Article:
Monday, October 5, 2015

The Rain

Wow, what a difference a week makes! Last week I was smelling my sweet tea olive, this week my feet are wet as I type this because of flooding in my home office.

Because of damage potential, really inspect your trees closely. With these saturated soils, wind can blow over trees. Leland Cypress and other evergreens are very susceptible because of the big sail their foliage provides. Young trees that haven’t developed an extensive root system are also susceptible. Just ride through a new neighborhood and you will witness these young trees lodged over.

Look at your trees and see if they have developed a new “lean”. Inspect near the roots of your tree and look for any heaving or raised areas. Not all trees become instantly dangerous because they are leaning. If the tree fell, what would it hit is always one consideration. Having a tree care professional inspect your trees is a very good idea at this time.

John Quincy, WTMA producer (he produces “The Garden Clinic” which is on Saturday from noon until one and replayed on Sunday from eleven until noon), discovered a new use for Cotton Burr Compost during this weather. He placed a bag at his back door, like a sand bag, to keep the water out of his house. What a great product! Sand bag during flood then spread on your yard to replenish nutrients that were leached out during the rain.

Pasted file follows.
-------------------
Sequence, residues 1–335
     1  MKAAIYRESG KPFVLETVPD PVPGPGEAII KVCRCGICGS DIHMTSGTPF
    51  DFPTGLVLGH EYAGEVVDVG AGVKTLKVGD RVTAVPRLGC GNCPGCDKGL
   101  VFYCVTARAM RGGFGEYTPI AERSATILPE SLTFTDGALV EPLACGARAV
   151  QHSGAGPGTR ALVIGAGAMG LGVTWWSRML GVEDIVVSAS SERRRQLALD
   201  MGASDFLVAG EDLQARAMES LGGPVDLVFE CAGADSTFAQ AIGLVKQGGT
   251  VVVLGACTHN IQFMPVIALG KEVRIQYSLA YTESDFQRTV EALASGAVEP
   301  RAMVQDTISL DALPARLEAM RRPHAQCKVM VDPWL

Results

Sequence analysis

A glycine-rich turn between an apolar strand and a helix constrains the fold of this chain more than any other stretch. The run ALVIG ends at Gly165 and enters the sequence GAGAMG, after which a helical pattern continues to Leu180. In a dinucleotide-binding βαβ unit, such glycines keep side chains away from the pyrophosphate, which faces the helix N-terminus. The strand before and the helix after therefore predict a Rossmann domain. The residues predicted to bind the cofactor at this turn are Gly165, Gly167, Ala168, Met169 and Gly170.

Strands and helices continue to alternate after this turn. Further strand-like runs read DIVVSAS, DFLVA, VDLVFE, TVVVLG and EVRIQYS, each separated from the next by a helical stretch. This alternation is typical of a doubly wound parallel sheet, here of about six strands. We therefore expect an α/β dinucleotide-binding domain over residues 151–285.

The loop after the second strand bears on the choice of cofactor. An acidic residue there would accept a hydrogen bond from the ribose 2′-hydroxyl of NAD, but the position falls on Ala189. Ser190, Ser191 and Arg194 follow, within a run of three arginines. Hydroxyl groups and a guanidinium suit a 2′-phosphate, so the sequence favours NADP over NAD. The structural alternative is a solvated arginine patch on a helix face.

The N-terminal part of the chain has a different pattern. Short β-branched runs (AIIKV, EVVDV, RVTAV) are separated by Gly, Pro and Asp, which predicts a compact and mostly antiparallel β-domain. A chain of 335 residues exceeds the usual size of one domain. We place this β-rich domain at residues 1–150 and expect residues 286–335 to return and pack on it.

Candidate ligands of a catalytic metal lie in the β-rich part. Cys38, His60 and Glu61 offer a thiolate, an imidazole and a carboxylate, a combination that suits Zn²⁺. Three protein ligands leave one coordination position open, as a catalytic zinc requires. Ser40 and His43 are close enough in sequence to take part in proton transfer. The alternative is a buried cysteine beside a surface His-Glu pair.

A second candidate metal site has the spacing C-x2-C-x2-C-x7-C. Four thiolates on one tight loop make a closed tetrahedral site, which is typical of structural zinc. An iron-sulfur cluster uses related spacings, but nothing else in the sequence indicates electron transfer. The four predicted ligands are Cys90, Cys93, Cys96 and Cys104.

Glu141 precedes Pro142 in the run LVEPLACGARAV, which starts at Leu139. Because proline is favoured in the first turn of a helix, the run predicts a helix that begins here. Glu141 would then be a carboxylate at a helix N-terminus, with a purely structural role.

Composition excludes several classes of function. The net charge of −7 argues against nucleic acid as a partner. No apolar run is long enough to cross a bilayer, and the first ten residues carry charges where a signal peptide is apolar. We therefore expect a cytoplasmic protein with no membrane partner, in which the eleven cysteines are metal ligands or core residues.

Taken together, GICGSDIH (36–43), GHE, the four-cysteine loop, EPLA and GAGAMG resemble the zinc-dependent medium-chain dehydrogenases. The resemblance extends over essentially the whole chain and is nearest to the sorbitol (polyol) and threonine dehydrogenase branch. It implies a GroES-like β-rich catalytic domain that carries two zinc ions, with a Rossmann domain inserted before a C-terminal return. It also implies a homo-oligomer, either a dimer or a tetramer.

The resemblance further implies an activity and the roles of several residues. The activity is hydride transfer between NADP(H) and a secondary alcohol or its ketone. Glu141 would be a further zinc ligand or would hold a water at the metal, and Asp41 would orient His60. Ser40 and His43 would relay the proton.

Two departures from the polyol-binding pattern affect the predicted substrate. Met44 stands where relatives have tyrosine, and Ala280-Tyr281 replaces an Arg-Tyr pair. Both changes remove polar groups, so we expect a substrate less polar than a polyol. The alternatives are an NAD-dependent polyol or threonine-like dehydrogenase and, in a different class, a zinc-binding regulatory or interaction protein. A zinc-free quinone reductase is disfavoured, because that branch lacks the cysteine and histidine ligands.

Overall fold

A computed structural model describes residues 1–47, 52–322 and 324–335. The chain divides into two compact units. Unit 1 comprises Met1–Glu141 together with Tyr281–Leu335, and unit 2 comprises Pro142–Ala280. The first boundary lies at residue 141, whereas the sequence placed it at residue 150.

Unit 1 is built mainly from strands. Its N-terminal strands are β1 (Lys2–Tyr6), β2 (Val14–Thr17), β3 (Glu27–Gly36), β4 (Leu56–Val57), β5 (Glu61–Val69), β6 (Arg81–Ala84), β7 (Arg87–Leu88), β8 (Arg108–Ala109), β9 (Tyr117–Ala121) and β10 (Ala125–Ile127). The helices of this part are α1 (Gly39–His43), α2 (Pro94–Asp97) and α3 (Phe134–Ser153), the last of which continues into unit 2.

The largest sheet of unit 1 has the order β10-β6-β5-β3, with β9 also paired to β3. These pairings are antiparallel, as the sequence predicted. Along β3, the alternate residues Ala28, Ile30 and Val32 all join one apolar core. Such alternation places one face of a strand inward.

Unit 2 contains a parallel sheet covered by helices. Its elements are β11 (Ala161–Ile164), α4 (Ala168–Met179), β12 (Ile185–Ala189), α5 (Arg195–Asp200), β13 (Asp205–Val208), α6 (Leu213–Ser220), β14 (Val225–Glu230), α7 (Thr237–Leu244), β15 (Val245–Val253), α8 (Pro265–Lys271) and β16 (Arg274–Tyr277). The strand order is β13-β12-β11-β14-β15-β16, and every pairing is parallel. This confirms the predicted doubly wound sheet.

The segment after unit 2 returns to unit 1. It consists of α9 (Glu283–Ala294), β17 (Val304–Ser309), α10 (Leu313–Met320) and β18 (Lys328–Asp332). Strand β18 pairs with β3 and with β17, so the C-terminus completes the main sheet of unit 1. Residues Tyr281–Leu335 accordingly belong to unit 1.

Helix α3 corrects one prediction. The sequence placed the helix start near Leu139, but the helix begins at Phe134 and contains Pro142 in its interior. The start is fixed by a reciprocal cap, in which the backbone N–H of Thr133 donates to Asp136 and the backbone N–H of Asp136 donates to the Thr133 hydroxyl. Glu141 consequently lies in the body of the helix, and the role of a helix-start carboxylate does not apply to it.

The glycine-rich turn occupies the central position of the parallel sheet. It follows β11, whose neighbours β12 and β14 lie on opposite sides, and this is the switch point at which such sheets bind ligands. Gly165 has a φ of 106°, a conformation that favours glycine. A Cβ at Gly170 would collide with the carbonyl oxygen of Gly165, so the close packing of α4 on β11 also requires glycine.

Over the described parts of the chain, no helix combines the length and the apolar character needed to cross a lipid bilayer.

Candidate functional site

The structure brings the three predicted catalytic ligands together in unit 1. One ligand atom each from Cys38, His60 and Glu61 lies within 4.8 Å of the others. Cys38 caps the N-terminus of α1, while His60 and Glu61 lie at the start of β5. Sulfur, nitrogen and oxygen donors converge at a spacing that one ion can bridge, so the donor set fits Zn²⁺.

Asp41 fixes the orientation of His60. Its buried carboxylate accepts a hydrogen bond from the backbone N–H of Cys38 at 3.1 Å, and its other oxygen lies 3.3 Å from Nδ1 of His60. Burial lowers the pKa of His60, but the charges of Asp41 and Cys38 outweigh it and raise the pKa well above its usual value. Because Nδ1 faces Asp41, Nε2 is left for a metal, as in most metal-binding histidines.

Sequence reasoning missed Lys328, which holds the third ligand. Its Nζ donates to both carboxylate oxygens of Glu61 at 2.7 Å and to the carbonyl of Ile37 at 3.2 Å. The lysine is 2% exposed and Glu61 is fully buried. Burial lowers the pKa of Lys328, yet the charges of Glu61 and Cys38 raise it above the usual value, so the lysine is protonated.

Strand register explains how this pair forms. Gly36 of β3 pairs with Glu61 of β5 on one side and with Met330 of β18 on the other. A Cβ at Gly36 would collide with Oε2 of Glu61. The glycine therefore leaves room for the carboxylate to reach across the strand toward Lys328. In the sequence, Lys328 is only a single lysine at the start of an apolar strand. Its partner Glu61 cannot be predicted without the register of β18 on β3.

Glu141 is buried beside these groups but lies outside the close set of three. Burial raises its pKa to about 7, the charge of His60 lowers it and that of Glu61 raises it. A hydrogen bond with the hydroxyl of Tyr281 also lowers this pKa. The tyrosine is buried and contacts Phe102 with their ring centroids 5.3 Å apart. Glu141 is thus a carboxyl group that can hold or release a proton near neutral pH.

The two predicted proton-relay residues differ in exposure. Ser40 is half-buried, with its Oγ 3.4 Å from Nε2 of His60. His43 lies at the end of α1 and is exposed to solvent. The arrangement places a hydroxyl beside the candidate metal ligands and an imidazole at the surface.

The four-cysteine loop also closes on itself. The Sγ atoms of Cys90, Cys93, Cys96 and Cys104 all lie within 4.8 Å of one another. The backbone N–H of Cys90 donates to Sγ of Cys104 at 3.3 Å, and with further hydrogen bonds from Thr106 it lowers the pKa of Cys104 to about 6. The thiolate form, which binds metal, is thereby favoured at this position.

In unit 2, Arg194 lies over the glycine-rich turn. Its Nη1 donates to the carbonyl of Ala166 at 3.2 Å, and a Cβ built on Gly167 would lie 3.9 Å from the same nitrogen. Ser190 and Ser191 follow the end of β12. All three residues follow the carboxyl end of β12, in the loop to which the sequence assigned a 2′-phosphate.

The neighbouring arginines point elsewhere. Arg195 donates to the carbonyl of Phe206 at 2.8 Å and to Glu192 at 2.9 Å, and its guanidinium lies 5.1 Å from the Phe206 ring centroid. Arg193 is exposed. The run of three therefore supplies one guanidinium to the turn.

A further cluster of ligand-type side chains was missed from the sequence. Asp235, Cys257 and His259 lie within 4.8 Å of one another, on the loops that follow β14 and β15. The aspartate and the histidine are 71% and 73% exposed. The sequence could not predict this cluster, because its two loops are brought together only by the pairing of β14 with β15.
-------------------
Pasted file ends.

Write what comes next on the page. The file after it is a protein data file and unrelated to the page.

Your soil nutrients took a big hit over the weekend. A soil test now would help you out tremendously in 2016. Bring your soil to a Possum’s Landscape and Pest Control and we will get you back on the right track.

Potassium like nitrogen moves in the soil – leaches. Phosphorous does not move so readily. If you do not have a soil test, 00-00-25 + minors is a very good fertilizer to consider for your lawn and shrubs. Cotton Burr Compost is a super organic product for your yard at this time. Not only will it provide needed nutrients, but many people have noticed a reduction of fungus as well. Excell and Possum’s minors are two good minor nutrient products.

SeaHume G should be used with any of the above or, if you were going to use only one product, this would be the one to use. The host of minor and major nutrients as well as biostimulants will be a big help to your lawn, shrubs, and trees. SeaHume would combined well with any of the above products, especially Cotton Burr Compost.

If you know that you have had fungus in the past, consider putting out a preventative fungicide as the label recommends. Cleary’s 3336 and Disarm are two good systemic fungicides that are good to rotate.

While you are in your yard, look for any standing water and get rid of it. The mosquitoes are coming!

Always read, understand and follow product label. The product label is a Federal Law.

Monday, September 28, 2015

The Fall? Part 1